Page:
By: Paul Krugman, Op-Ed Columnist, The New York Times, May 15, 2015

May 17, 2015 Posted by | Bush-Cheney Administration, Iraq War, Jeb Bush | , , , , , , | 1 Comment

“A Very Low Bar”: The Smart Brother? Why Jeb Bush Can’t Escape Dubya’s Dubious Legacy

Being singled out as “the smart brother” in an American political and financial dynasty like the Bush family must be a heavy load. But Jeb Bush went far to dispel that burdensome description with his debut address on foreign policy. With its mélange of mispronunciations, mistakes, and casually ignorant utterances, Bush’s speech before the Chicago Council on Global Affairs instantly reminded listeners of the not-so-smart brother — the one who already became the second Bush president.

Such moments of recognition and remembrance are not auspicious for brother Jeb, whose burgeoning presidential ambition depends on persuading voters that he is emphatically not his brother George W. – or as he put it in an ad-libbed line: “I am my own man.” But his Chicago outing offered little to reassure Americans wary of the ruinous foreign policy record of the Bush-Cheney administration (an electoral subset that includes almost everyone).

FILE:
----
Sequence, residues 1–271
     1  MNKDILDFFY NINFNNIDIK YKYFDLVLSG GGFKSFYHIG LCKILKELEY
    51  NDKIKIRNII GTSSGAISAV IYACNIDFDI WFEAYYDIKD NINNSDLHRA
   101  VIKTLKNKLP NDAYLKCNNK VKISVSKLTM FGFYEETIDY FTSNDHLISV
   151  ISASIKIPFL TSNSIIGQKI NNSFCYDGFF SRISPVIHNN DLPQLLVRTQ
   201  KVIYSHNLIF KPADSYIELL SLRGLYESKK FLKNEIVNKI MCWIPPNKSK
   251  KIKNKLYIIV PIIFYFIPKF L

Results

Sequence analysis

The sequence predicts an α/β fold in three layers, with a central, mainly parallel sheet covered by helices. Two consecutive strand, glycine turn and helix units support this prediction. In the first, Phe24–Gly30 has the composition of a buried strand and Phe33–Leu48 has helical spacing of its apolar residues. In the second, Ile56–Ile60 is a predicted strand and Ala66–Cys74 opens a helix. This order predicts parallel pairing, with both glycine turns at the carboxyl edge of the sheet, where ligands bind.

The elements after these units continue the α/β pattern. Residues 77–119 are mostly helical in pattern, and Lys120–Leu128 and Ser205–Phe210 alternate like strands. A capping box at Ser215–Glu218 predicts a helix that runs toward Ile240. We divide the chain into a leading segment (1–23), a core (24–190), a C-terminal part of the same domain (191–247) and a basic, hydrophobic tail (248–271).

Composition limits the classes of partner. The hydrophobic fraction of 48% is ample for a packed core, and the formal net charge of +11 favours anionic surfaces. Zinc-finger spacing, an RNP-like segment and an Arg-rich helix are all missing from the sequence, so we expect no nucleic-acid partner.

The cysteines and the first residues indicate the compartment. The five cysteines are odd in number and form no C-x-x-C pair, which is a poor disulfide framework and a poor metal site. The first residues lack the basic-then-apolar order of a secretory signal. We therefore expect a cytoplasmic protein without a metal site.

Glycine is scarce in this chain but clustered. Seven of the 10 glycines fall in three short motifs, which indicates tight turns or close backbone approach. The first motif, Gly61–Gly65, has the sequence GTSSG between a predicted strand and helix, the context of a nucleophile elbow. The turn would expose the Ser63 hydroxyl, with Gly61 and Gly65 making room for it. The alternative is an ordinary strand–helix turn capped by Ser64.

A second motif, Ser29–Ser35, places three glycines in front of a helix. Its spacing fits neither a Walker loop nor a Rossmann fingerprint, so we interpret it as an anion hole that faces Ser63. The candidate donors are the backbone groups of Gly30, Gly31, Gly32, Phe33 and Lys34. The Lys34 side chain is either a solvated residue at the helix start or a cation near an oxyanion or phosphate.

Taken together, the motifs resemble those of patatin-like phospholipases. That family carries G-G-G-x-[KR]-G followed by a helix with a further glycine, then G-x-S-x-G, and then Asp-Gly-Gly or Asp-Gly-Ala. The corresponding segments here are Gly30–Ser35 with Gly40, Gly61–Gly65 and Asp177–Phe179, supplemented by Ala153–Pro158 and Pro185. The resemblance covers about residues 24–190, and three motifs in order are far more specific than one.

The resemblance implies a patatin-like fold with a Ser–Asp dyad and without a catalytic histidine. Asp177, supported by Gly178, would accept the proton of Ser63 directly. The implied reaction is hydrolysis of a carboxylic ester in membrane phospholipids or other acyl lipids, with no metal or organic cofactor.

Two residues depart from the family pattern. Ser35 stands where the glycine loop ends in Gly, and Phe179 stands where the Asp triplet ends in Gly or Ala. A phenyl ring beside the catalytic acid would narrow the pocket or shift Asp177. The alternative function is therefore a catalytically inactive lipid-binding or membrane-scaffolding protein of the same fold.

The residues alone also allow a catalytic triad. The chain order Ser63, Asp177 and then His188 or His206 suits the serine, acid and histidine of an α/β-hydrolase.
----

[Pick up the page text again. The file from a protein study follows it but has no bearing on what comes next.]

Let’s start with the funny parts: Hoping presumably to move briskly past a certain disastrous trillion-dollar war, Jeb allowed that “mistakes were made in Iraq, for sure,” a remark so vague that even his brother, who once used a similar dodge in discussing torture at Abu Ghraib, would have to agree. Striving to demonstrate his familiarity with the new terror threats encircling the globe, he mentioned the Nigerian Islamist militants who call themselves “Boko Haram,” except he called them something that sounded a lot like “Beaucoup Haram.” Speaking of ISIS, the Syrian terrorist movement, he referred to Abu Bakr al-Baghdadi as “the guy that’s the supreme leader or whatever his new title is — head of the caliphate.” Overstating the military manpower of ISIS by a factor of 10, he said the group has 200,000 men under arms, when U.S. intelligence estimates no more than 20,000. (Before his spokesperson corrected that gaffe, it sounded as if he meant to instill fear with a mythical intelligence estimate – yet another déjà vu moment.)

At another point, he confused Iraq with Iran, a mistake anybody can make – and in this instance, a metaphor for his brother’s failed war, which vastly increased Iranian political, economic and military influence over Iraq.